I meant to put this up earlier, but studying has prevented me from really getting a good listen to the project up until today...
Code Red represents a huge artistic growth for one of Seattle's most talented young rhymesayers. Although Pinder's previous project, Backpack Wax gave us a preview of this talented emcee's lyrical ability with songs like "Black Heater," "Can't Trust Them," "M," "Out," the mixtape on the whole sounded just as one would expect--like a mixtape. The majority of tracks on the mixtape clocked in between one and two minutes, typically only providing a the listener with a brief, one verse insight into one of the Emerald City's most talented up and coming emcees.
This blogger was a fan of Backpack Wax and still bumps it from time to time, but Code Red is on another level, giving the listener seven full-length songs from this talented young artist. Sonically, the EP is very cohesive, featuring laid back production from Seattle legends Jake One, Kuddie Fresh, and Vitamin D that really adds to Pinder's flow, which just sounds comfortable over the beats provided. While much of the album discusses the process of coming up in the game today ("All That Fire," "Go Far,"), Pinder addresses several other issues ranging from his inability to say "I Love You" ("Three Words") to more politically-minded tracks addressing socioeconomic problems ("No Turnin Back").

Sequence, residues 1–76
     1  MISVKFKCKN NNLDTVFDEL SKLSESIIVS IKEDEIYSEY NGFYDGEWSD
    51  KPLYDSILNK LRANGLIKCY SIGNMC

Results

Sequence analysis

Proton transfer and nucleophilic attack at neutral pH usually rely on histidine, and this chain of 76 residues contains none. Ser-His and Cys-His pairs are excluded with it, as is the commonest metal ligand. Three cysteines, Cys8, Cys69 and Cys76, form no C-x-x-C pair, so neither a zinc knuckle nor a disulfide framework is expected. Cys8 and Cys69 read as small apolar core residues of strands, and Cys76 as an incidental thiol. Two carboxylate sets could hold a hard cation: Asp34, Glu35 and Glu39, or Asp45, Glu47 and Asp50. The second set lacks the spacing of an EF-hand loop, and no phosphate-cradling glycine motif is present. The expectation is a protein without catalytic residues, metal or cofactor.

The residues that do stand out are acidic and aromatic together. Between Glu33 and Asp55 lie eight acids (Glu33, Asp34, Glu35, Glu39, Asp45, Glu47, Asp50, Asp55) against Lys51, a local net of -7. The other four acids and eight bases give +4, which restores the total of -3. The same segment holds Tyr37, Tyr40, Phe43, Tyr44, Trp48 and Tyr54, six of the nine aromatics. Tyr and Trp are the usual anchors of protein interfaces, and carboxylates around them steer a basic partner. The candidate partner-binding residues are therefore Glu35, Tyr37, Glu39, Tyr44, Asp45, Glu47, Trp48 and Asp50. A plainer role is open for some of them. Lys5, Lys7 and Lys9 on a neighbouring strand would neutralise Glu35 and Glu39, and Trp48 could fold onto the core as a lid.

The EP isn't perfect. There are a couple lines here and there that are delivered awkwardly (e.g. the third and fourth bar off of the chorus of "Three Words" and certain points of "Kill It"), but that's just me being picky and good more than outweighs the bad as Code Red proves to be one of the better releases, top to bottom, that I've ever heard out of the 206. Code Red is sonically very cohesive and cuts "Safe Place" and "All That Fire" make it more than worth the download. Likewise, "Go Far" holds up against any song that any national artist has dropped this year.
At the end of the day, Code Red witnesses the 21-year-old Renton High School grad getting co-signs from the legendary Little Brother rapper Big Pooh and rising underground star Toki Wright and proves to be his proper introduction to the national hip hop scene (by way of sites like 2dopeboyz). In the burgeoning Seattle hip hop scene, J.Pinder stands out as one of the most lyrically talented emcees looking to carry the banner of the city's scene to the national level. With a few more releases along the lines of Code Red, don't be surprised if Pinder makes it big in the next couple years.